Sat, 10 Dec 2022 09:31:50 +0100
Recently, I’ve noticed an uptick in personal websites adopting similar features to my website, whether it’s my two-paned collapsing design or the reply-to links at the bottom of my blog articles. These include Tom Fasano’s site and his webring’s site, Jacob McCormick’s site, and Ray Patrick’s site.
Just to be clear, I’m not pretending to be the first person to make a two-paned website or to add reply-to links to my articles. I merely use these stylistic choices popularized through my website as examples to write about a wider topic: The fear around imitation on the web.
The so-called “indie” web is all about experimentation and education, both of which rely on some level of imitation. Whether it’s copying and pasting some CSS code to get started writing your first webpage or just looking through the world of software and computer design and making note of specific elements you enjoy and want to replicate, some level of imitation is required to learn and experiment.
Imagine a world where you couldn’t do that. Where some restrictive intellectual property law prevented you from even copying someone else’s design without asking for explicit permission first. This is the world that proprietary software makers and their collaborators wish to create. A system that operates fundamentally around fear, the greatest killer of creativity and expression.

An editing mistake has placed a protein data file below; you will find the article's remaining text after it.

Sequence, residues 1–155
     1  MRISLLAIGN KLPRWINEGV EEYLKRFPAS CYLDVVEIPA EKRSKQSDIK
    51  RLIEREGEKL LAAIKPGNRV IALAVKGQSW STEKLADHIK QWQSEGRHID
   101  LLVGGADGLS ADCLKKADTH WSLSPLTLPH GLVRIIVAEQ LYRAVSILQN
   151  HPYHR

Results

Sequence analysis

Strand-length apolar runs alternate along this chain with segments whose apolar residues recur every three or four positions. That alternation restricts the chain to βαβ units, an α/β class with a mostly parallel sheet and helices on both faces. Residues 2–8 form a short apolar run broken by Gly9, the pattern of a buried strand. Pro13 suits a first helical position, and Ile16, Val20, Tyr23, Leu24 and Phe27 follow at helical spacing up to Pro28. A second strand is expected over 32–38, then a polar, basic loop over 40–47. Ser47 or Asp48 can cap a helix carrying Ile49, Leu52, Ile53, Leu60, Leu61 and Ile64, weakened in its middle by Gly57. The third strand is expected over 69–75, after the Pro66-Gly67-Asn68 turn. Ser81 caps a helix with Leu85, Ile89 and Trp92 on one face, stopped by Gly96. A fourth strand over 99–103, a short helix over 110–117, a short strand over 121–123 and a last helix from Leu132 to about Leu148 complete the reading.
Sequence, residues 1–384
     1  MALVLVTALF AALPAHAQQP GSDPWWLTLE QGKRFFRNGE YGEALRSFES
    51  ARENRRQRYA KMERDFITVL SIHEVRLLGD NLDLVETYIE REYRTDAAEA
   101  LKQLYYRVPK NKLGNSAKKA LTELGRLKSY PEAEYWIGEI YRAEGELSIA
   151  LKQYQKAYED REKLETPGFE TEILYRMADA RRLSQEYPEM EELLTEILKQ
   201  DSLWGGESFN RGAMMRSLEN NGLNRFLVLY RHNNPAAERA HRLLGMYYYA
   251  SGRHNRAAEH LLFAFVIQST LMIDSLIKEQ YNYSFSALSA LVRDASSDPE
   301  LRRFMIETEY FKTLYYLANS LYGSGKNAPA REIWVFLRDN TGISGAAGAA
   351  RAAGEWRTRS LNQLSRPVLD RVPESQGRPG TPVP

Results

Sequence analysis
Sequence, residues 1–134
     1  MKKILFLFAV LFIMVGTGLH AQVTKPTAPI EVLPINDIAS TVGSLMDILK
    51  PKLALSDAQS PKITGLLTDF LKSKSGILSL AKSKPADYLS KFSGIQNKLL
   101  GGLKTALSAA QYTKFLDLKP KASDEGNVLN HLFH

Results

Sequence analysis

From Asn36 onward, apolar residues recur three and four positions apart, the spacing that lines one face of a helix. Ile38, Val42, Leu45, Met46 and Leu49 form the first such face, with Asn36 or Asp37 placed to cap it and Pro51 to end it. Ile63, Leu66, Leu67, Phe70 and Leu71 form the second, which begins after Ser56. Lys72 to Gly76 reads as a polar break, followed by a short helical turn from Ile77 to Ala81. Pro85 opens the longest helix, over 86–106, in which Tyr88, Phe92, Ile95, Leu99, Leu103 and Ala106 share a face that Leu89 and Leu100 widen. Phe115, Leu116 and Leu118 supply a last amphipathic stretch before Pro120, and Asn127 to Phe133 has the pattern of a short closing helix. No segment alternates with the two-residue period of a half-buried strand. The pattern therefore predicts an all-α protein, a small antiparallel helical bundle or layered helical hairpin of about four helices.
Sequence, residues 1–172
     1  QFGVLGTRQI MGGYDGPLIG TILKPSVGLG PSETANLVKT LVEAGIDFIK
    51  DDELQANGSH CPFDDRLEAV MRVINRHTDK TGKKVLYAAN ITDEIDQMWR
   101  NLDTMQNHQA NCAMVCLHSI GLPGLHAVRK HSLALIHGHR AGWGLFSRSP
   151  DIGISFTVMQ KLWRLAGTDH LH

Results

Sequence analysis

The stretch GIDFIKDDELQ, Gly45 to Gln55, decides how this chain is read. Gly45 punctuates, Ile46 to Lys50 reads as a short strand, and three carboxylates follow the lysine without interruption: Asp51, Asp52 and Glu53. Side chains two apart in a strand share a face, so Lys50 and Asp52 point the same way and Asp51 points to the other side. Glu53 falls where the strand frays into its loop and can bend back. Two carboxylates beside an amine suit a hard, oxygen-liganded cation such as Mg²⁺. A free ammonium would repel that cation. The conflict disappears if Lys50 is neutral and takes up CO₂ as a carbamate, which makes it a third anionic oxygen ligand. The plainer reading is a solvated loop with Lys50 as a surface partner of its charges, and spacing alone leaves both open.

Another example is in copying and distributing media. While not really imitation as much as distribution, one of the most detrimental developments in recent history has been the advent of hyper-restrictive copyright legislation which gatekeeps knowledge and stifles creativity everywhere. I’m not condoning illegal piracy in any way here, indeed I find it marvelous how many websites all around the indie web have published all their content under Creative Commons licenses, ensuring that it remains openly accessible and freely distributable. Once again, the same fear of “imitation” applies to lawmakers' fear to abolish copyright.
Copy and adapt everything you see online. It’s what curious and intelligent people are supposed to do, just think of it as learning by trying everything out directly. One of the greatest mistakes of the modern generation is convincing them that the web and by extension the internet is a unique prerogative of governments and corporations. Copying is a minuscule but still significant demonstration that we are still indeed human and this is a computer system designed for and by humans.